4. Beat the heat and stay inside while taking in some big art! Round Rock Arts presents The Big Show art exhibition that is now on display through August 25 at Texas State University Round Rock Campus, 1555 University in Round Rock.

big show


5. Find The Little Show at ArtSpace, downtown’s art gallery at 231 East Main, Suite 160, in Round Rock. ArtSpace celebrates in conjunction with THE BIG SHOW of their own exhibit called THE LITTLE SHOW for the month of July.

little show collage



6. Round Rock Public Library has an art gallery! When picking out your favorite book to read for their summer reading program, stop by the art gallery and view the current art exhibit. 

read get set


7. Art using Alcohol Ink at the Williamson County Jester Annex, another free art exhibition of wonderful artists works. Just because you’re not renewing your car registration doesn’t mean you can’t check out this great little exhibit! Check it out at 1801 Old Settlers Boulevard in Round Rock.

alc ink collage


8. Visit the Palm House Museum (beside the Round Rock Public Library) at 212 East Main in Round Rock for a little art history! The Palm House, the oldest building on Main Street, was moved to this location in 1976 from the Palm Valley area. The house is a well-preserved example of an early frontier building style: a central door and entry passage with one roughly square room on either side. The porch runs the length of the house and the roof is steeply pitched.  This historic house displays two furnished rooms of the 1873 home of Swedish immigrant Andrew Palm. The house was moved here from the Swedish Palm Valley settlement east of town.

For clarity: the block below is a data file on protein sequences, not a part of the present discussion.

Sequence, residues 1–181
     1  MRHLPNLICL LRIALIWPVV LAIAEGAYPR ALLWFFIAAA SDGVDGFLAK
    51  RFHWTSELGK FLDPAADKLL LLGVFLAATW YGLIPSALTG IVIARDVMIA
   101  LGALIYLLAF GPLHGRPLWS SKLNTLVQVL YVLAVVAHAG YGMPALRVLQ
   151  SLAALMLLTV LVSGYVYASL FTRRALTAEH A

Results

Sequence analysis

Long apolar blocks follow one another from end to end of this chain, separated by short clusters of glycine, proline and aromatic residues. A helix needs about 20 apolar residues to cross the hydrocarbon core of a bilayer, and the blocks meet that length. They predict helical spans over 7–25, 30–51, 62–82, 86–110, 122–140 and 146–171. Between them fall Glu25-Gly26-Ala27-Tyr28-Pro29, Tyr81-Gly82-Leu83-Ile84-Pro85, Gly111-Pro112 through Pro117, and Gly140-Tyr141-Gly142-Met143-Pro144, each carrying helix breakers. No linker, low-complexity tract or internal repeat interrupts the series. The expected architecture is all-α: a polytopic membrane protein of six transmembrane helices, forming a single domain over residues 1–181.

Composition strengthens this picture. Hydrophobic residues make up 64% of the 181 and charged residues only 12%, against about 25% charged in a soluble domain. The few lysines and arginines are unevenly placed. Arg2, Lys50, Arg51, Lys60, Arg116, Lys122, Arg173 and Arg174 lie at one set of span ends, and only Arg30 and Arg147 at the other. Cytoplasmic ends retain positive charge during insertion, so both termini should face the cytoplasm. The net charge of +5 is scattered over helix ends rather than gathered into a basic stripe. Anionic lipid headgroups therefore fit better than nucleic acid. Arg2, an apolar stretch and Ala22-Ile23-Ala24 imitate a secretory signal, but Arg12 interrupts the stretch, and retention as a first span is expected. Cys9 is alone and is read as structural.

palm house collage



9. If you’re still strolling, walk by the Nelson-Crier House (Woodbine Mansion) located at 405 E. Main Street in Round Rock. It was built 1895-1900 and remodeled 1931. This house is probably the most interesting house in Round Rock. The building originally was in a Queen Anne style with a three-story turret at the northeast corner, but was later remodeled to a neoclassical style with an Ionic-columned porch. The foundation of the turret remains as a large patio.

nelson house collage


10. Finally, for a little history and culture: Visit the Round Rock Cemetery.  Established in the early 1850s in what is now known as Old Round Rock, this cemetery is the burial ground of many area pioneers and outstanding Round Rock citizens. The oldest legible tombstone, which marks the burial site of 11-year-old Angeline Scott, bears the year 1851, although there are many unmarked graves that could date from before that time.

cemetary collage